While we were sailing in Mexico
not running our AC refrigeration
because it was such a power hog, I thought it would be a great idea to rip our existing giant fridge box out, rebuild
it and install a much more efficient 12V system. I'm still a little angry at all my friends who didn't talk me out of that idea. Anyways, after probably 8 months straight of nights and weekends, that death march of a project
I thought I'd post some things I learned along the way. Unlike other boat
projects, there doesn't seem to be as much info out there about building a new fridge box. And every resource I found talks about building it off site and dropping it in place. We couldn't remove our galley
counter so I had to build it in place, hanging upside down through the existing opening.
The hardest problem to solve for me was how to finish the fiberglass
inside the fridge box in a food
safe way. I talked with a few people who used gelcoats only to have all of their food
taste like gelcoat
a year later. All of the commercial
finishes I found off-gased way too much to be used inside a fridge. Apparently there are food-safe gelcoats out there but I laid up the fiberglass
so I doubt the gelcoat
would have adhered. I ended up using West Systems epoxy
with a white pigment mixed in. It was a really messy process and very labor intensive (read: a galactic pain in the ass) but it came out looking pretty nice, very rugged and absolutely no odor
I initially thought I could roll and tip the epoxy on but because it's so viscous and I was applying it to vertical surfaces, it went on looking saggy and crappy. I couldn't thin it because it took so many coats to make the coverage opaque. However, I found out that epoxy is hard enough that you can sand it, wet sand it and then polish it to recover a glossy finish. I learned that from custom surfboard builders who use epoxy as a finish. Check out this spectacular
surf board: Re: [llilibel03] my annual build thread- The Giant Squid | Swaylock's Surfboard Design Forum
Anyways, here's a photo
recap of the project
with more links at the bottom if you want to know more about it.
I'm 6'2". It was a big fridge box.
Cleaned out to the hull
. We marked the waterline.
finished. You can see the aluminum
support beam. The original fridge box was around 11 cu.ft. We ended up with a box around 4.5 cu.ft. Much more manageable.
I used Reflectix sealed with foil tape as a water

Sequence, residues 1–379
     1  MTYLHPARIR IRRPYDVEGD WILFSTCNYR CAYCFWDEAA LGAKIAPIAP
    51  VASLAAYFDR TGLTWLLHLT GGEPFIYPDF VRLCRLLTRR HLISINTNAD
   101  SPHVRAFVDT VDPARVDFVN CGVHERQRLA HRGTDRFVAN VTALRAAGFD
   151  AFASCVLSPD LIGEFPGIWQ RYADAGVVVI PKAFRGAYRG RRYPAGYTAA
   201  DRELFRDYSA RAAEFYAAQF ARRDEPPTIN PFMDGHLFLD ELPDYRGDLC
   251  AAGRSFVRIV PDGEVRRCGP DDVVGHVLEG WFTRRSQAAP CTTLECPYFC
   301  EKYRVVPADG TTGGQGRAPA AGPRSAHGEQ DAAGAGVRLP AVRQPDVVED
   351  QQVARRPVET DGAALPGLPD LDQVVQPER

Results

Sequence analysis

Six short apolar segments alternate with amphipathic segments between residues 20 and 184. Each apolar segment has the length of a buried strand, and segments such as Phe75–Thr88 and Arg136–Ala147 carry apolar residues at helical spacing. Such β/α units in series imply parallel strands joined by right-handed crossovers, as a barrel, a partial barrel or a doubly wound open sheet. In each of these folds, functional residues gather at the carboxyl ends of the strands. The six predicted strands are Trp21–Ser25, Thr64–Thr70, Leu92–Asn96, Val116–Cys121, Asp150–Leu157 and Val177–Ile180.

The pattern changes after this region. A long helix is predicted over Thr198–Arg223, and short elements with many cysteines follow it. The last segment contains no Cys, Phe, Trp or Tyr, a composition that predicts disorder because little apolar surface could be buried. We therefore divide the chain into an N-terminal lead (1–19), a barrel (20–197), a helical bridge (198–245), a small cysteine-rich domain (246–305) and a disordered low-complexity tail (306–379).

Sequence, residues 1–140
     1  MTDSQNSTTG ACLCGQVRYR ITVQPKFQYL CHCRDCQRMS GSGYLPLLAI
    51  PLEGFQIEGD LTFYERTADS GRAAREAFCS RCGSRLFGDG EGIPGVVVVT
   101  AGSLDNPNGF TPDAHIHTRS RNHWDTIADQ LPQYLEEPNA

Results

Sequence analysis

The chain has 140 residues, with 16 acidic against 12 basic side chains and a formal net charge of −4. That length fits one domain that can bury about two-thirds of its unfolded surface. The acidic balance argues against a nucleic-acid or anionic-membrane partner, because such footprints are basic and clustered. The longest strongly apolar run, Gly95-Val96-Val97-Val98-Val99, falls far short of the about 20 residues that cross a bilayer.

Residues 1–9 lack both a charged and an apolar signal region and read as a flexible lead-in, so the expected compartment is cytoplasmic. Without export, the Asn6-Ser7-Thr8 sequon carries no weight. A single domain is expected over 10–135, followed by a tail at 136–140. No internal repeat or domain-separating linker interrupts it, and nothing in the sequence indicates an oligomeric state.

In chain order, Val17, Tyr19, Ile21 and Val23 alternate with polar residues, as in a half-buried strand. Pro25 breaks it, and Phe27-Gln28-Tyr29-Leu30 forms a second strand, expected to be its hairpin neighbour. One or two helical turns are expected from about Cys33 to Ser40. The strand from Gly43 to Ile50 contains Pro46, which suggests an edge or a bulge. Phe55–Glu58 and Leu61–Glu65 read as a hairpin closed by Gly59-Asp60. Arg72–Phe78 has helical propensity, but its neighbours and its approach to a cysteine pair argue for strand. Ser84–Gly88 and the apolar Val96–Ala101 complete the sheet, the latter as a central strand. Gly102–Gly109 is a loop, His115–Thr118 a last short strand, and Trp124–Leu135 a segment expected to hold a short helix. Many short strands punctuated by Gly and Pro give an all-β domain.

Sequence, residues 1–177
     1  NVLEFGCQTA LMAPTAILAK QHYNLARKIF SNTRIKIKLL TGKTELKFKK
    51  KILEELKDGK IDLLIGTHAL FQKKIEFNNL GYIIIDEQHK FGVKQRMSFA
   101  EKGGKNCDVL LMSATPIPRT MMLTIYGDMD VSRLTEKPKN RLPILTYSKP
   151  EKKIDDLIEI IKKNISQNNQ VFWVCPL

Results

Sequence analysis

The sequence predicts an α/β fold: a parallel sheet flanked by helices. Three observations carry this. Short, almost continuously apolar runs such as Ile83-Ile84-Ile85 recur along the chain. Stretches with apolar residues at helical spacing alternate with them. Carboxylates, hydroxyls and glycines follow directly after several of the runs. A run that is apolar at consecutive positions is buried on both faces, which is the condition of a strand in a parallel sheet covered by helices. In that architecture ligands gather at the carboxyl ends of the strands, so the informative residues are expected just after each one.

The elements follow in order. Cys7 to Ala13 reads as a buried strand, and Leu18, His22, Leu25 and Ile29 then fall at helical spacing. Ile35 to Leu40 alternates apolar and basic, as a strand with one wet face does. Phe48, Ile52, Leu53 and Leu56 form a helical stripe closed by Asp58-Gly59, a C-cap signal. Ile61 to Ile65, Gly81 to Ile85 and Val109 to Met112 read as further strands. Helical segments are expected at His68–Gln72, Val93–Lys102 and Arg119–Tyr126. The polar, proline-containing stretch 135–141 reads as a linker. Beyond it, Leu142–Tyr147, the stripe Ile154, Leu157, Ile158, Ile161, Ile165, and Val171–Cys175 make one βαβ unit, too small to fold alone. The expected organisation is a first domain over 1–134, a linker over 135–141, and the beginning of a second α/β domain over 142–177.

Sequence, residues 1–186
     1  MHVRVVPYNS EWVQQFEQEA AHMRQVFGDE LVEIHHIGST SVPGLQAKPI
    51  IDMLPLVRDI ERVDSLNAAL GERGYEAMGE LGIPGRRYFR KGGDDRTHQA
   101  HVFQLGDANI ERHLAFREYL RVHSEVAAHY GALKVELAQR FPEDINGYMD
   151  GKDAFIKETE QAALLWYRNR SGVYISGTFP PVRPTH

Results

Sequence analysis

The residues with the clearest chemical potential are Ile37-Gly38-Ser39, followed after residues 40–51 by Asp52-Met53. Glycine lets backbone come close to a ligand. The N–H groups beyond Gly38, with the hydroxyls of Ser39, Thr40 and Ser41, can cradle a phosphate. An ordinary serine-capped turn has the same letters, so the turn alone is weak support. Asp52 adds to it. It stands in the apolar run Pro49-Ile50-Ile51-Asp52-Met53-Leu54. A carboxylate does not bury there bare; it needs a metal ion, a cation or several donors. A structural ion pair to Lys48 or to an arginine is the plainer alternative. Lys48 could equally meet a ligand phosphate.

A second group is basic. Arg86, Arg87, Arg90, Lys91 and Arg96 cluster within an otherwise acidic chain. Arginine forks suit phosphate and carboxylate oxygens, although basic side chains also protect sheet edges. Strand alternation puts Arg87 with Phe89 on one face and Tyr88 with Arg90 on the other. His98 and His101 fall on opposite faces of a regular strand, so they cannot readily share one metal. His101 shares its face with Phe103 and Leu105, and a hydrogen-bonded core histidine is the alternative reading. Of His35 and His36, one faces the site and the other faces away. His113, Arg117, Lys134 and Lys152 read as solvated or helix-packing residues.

The box was built out of 1/2" marine
ply. This was a dry fit. I pulled it all out and coated it with epoxy before the final assembly.
After fiberglassing. I laid 3 or 4 sheets
of 10oz. cloth in the seams and the bottom. The rest of the box got 2 sheets
The box sanded and faired. The purple is a layer of thickened epoxy I put over the glass so I could get a smooth surface.
After the pigmented epoxy finish was faired, sanded and polished.
My original design called for a deeper well the exact height of a can of beer
that we could fill with... refreshments. The rest of the fridge contents would sit level on top of this "can well". Here we are testing the results.
Installed the Sea Frost (these guys are awesome
by the way) freezer
bin. Testing that bottles of ... refreshment... will fit next to the freezer
I also had to build a new ledge for the lid to rest on. I used the same extruded polystyrene insulation
I used on the fridge. I then glassed it over and used the same epoxy finish that the box interior
I also built insulation for the lid using the same process I used on the lid ledge. The place where the foam is cut out is where the gas spring was going to be installed. I dropped marine
ply in there so it could handle the loads of the fridge lid.
Dry fitting the lid assembly. For the lid material, I used a eucalyptus butcher block.
The final product.
The eucalyptus butcher block lid. This was an expensive piece of wood so I took the off cuts and made a butcher block that drops into the sink.
Now that the project is finished, I'm really happy with the results. We keep the fridge at 32F all the time. The freezer stays around 20F. We make ice and have the coldest beer
on the dock
. I'm also really happy to not be spending my weekends grinding fiberglass. Or having the boat
torn apart. Or picking epoxy dust out of my ears. I'm just happy the project is done.
If you want more photos of the build process, I have a gallery up here:
Fridge Box Rebuild - hello world! | SmugMug
I chronicled most of the process on our blog if you really want to know more.
My original thoughts while we were in Mexico
suffering from warm beer:
s/v hello world: i like cold beverages - part 1
Ripping out the old fridge. This was the point of no return. For Arrested Development fans, I like to call this point in the project "I've made a huge mistake."
s/v hello world: tearing out the fridge box
My original fridge box design. The end result came pretty close to the design.
s/v hello world: fridge box design
Insulating the box:
s/v hello world: fridge insulation
Constructing the fridge box in place:
s/v hello world: fridge box construction
Sealing it up:
s/v hello world: putting a lid on it